For technology firms, e-money provides an attractive entry point into financial services without the burden of bank-like regulations. The dominance of nonbanks as e-money issuers across the region makes e-money a good proxy for fintech payments.

Nonbanks account for most e-money license holders in Indonesia, Malaysia and Thailand, primarily offering e-wallets. Only in the Philippines do banks hold more e-money licenses than nonbanks, but the gap between Filipino banks and nonbanks is rapidly shrinking. Since October 2019, the number of nonbanks issuing e-money grew to 24 from 14 in the Philippines, while that count for banks fell to 27 from 30. In Singapore, at least 126 nonbanks issue e-money without regulatory licenses due to a temporary exemption provided by the central bank.

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In terms of transaction value, nonbanks are either bigger than banks or growing faster.

Nonbanks accounted for 72% of e-money payments value in Thailand in 2019. In Malaysia, three nonbanks — Boost, GrabPay and Touch 'n Go — collectively represent most of the market share, according to the country's central bank, with a combined customer base of 21 million and combined network of more than 400,000 merchants.

Banks are losing clout in e-money amid the growing popularity of mobile services offered by technology firms. The shrinking space for banks in e-money may also be driven by a shift in consumer banking toward promoting higher-margin products such as credit cards. Besides, regulatory efforts to promote real-time interbank transfers in some countries have given banks a new way to help build payment relationships with customers and merchants.

Indonesia key market for tech firms

Indonesia's e-money market is growing faster than that of other large Southeast Asian countries, but the scope for replacing cash is far greater in the archipelago than in Singapore, Malaysia and Thailand. The slow pace of credit card issuance in the country could mean that Indonesia's cashless payments will increasingly tilt in favor of stored-value wallets.

In Indonesia, banks have historically dominated payments by offering prepaid cards to a largely unbanked population. In 2018, PT Bank Central Asia Tbk, which is the largest bank by market capitalization, and state-owned banks PT Bank Mandiri (Persero) Tbk and PT Bank Rakyat Indonesia (Persero) Tbk accounted for most of the e-money transactions.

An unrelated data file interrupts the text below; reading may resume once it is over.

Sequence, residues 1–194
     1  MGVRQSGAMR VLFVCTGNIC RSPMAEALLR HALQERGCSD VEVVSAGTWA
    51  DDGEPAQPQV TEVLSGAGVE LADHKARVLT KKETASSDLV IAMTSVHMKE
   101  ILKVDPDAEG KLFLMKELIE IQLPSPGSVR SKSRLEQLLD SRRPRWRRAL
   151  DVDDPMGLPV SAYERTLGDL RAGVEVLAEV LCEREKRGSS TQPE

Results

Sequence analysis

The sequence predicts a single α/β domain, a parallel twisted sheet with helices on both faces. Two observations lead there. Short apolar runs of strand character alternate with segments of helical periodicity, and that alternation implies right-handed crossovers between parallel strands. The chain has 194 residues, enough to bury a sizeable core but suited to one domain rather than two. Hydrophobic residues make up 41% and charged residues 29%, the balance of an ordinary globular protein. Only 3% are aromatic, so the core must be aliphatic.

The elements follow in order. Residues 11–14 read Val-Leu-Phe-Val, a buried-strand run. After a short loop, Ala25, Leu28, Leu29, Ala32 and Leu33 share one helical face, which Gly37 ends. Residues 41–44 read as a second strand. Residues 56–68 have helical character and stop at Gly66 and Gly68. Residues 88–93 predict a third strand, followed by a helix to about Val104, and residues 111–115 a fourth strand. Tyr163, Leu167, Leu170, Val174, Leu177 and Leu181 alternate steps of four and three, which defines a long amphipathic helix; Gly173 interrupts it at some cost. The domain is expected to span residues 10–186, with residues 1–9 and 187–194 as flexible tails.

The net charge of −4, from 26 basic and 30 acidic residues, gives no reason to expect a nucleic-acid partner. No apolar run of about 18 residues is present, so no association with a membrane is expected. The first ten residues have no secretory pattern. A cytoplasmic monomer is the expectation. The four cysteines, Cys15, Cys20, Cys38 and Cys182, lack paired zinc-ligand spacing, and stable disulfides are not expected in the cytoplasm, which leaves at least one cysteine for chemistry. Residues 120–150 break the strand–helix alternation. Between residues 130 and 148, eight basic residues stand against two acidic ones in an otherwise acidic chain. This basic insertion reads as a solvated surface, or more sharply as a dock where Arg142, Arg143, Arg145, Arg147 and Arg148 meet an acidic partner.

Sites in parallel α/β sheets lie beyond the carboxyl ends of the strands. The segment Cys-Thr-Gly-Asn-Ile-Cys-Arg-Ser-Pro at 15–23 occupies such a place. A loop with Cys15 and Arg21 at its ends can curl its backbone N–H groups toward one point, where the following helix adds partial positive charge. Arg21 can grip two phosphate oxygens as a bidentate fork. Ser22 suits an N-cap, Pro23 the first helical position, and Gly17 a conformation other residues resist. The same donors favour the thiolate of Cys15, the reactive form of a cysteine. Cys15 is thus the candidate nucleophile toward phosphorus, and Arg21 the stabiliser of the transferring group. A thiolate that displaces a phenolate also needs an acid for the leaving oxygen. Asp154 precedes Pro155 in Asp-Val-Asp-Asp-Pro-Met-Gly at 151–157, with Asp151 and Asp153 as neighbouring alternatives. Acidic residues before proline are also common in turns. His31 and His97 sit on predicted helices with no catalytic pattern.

As people are increasingly adopting mobile phones, however, banks have failed to extend their lead in prepaid cards to mobile payments. About 54% of the outstanding value of funds in e-money accounts was held with nonbanks at the end of 2019, up from 36% at the end of 2018, according to Bank Indonesia's data.

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E-wallets accounted for 72% of total e-money value in 2019, according to S&P Global Market Intelligence estimates. Ride-hailing company Go-Jek's GoPay and financial technology company OVO accounted for most e-wallet payments in 2019. OVO exists as a stand-alone payment app as well as in-app payment features in ride-hailing app Grab and e-commerce app Tokopedia.

Sea's growing popularity in Indonesia, on the back of aggressive marketing and discounts, has made Indonesia's mobile wallet market a three-pronged race in 2020. In the second quarter of 2020, purchases made using the ShopeePay wallet on Sea's e-commerce platform alone may have accounted for more than 10% of e-money transactions in the country. Sea's mobile wallet likely holds a much larger market share in the country as the wallet users can make payments in offline stores as well.

ShopeePay enjoyed a 26% adoption rate among MarkPlus survey respondents, The Jakarta Post reported in September. Other popular wallets include DANA, which is majority-owned by Emtek Group and counts Ant Group as an investor, and LinkAja. DANA exists as a stand-alone payment app and supports payments on e-commerce companies Bukalapak and Lazada, which are also backed by Ant Group and Alibaba Group Holding Ltd.

This article was published by S&P Global Market Intelligence and not by S&P Global Ratings, which is a separately managed division of S&P Global.